- Contributed by
- People in story:
- Thomas Jolly, Colonel Saxon, Mr Anfield
- Location of story:
- Background to story:
- Civilian Force
- Article ID:
- Contributed on:
- 31 January 2006
I’m Thomas Jolly, and I arrived on the 5th July 1905, and I’m still here! That makes me over 100! Good Lord, fancy being over 100.
During the war, I was working in the coal industry. I had what was regarded as quite an important job. I was manager of coal distribution, with control over dozens of coal merchants, seeing that people got their rations, and keeping down complaints, all that sort of thing. That was in Chester. I spent the whole war in Chester. That was my day job, but I was in the Home Guard too. We put on our uniforms in the evening, went and perhaps did twelve hours duty overnight. We would have a week of night duties.
The Home Guard would meet at the Drill Hall in Chester. That’s where our commander was. His name was Colonel Saxon. There were quite a lot of us, and we made quite an impression when we were on the march, joining the regular troops perhaps, on some parade, and there’d be our section, The Home Guard. Mr Anfield led our section, he was a lieutenant, then Captain. He was a neighbour of mine. He lived at the bottom of Abbotts Park, and I lived at the top end. Saxby was the name of our house. It’s a village in the East of England. It didn’t have a name when we first bought it, but my wife and I liked the name.
A German plane came down on the Sealand Road, and lots of locals turned up, and the local Home Guard, and the local military as well, you know, the real soldiers. That happened only a few hundred yards from the Welsh border. Shot down. The crew- I mean the German crew- were able to get out. Two of them spoke English, I think. There were about four of them. I don’t know what happened to them, it’s such a long time ago. They were taken by the military, but the Home Guard were there too.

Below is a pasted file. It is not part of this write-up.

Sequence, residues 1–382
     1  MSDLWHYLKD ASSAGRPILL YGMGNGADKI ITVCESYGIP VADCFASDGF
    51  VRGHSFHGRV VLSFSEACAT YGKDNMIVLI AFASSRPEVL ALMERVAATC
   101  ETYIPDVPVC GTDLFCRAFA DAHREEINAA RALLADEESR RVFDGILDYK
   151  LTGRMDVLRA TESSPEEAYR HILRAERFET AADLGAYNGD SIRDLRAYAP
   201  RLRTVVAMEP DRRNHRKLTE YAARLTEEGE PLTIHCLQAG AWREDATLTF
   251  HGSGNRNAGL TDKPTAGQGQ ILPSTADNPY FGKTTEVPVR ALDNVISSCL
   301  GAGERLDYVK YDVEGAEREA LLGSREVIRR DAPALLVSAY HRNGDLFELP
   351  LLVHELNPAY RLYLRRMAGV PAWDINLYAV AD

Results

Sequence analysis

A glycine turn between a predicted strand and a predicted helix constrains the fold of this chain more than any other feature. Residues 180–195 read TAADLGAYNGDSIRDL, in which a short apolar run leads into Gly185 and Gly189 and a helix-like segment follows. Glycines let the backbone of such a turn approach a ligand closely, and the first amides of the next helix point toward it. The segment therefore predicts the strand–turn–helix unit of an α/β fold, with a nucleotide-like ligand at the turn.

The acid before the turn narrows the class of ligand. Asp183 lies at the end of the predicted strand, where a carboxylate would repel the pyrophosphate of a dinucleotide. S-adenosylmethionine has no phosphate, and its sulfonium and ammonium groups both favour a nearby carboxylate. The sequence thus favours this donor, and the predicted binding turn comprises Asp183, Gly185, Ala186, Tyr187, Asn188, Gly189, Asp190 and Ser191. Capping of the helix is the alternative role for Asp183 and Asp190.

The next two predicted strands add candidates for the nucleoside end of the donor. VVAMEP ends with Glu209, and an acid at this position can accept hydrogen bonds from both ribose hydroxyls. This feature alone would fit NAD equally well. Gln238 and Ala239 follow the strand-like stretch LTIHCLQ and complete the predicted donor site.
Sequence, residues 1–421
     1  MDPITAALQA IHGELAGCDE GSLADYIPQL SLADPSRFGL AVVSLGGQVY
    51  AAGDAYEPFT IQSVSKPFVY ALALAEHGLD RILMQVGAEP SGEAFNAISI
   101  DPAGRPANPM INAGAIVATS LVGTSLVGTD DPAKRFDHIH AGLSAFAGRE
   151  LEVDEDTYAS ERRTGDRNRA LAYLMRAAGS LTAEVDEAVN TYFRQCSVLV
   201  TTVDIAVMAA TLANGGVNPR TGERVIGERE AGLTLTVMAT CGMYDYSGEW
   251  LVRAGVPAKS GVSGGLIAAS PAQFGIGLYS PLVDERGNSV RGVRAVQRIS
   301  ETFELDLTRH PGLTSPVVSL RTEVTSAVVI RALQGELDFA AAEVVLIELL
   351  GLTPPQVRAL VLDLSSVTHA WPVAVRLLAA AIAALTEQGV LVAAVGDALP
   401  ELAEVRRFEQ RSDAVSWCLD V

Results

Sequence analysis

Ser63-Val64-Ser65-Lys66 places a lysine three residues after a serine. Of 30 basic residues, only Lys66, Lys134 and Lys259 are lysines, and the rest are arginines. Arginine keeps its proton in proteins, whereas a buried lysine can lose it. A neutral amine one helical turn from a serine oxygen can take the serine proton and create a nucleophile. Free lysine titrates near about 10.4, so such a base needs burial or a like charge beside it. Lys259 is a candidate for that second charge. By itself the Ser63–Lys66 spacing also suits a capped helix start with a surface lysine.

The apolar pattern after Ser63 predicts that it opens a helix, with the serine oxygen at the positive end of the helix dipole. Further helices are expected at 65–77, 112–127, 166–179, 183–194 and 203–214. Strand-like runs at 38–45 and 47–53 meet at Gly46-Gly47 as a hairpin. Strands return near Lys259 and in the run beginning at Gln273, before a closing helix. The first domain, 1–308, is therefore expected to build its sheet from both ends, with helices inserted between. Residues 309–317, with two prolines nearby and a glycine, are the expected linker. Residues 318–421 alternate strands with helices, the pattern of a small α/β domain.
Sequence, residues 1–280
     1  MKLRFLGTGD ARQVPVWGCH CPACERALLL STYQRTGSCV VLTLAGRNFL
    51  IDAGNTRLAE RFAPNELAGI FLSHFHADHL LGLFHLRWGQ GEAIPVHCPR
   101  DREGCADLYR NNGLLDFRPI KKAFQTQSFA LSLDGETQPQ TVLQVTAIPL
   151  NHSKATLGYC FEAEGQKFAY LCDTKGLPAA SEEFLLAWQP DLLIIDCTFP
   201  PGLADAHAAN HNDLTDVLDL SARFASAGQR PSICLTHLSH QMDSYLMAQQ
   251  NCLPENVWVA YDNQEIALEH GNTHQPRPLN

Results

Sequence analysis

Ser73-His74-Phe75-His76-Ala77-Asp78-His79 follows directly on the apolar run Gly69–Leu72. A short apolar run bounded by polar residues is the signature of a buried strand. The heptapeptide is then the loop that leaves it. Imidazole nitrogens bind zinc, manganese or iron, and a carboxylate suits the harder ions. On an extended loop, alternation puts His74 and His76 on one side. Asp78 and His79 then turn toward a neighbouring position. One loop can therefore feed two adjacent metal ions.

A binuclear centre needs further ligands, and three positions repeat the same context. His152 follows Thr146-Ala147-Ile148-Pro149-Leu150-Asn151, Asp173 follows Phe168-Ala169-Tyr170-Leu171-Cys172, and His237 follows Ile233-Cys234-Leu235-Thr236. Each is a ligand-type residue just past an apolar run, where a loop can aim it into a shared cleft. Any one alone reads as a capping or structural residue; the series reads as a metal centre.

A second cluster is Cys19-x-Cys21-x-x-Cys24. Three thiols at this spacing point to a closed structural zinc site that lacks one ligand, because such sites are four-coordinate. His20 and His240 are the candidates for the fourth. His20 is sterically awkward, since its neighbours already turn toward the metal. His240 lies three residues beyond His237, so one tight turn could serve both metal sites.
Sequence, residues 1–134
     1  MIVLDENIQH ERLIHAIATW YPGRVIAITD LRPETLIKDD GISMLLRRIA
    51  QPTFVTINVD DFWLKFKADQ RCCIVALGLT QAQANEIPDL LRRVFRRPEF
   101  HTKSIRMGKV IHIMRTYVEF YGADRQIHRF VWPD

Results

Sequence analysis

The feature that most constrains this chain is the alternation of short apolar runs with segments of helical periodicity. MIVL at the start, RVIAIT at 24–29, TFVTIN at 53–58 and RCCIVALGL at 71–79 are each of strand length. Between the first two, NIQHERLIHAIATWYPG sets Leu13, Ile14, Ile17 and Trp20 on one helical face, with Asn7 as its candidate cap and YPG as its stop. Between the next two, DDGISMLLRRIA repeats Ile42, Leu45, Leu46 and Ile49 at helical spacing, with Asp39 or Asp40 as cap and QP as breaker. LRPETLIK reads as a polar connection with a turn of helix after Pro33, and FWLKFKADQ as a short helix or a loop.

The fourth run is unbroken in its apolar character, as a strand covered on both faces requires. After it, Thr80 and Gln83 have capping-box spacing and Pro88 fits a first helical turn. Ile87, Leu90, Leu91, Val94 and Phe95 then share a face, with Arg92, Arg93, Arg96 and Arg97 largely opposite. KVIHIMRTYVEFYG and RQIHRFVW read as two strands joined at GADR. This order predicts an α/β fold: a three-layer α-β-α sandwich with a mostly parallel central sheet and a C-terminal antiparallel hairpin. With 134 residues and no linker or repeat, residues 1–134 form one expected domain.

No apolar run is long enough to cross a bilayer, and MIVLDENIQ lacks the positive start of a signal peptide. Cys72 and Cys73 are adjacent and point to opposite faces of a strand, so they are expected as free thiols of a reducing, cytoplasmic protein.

(Were there other planes shot down round Chester?) Well, there were other planes shot down in parts of Cheshire, but we were only involved if it was local to the city of Chester. I don’t remember a great deal. Not much happened, I don’t think. In fact, it’s because we, the Home Guard, were there, that things didn’t happen. If there hadn’t have been the Home Guard, there’d have been bomb explosions every night. If anyone in the evening was going along with a suspicious parcel, we’d ask them to stop. There’d be me, and the sergeant, maybe about four or five of us, and we’d ask ‘What’s in the parcel?’ Because they were always afraid of bombings, you know, bombing a shop doorway. And especially with the Rows in Chester, with so much timber in them. There’s no other place in the world that’s built the same. And we had to patrol the rows too, and the walls. We had to keep a close eye on the Rows, we didn’t want any fires breaking out. A lot of that stuff is actually irreplaceable, and it goes back to the 10th century, some of it, which is a long time ago.
© Copyright of content contributed to this Archive rests with the author. Find out how you can use this.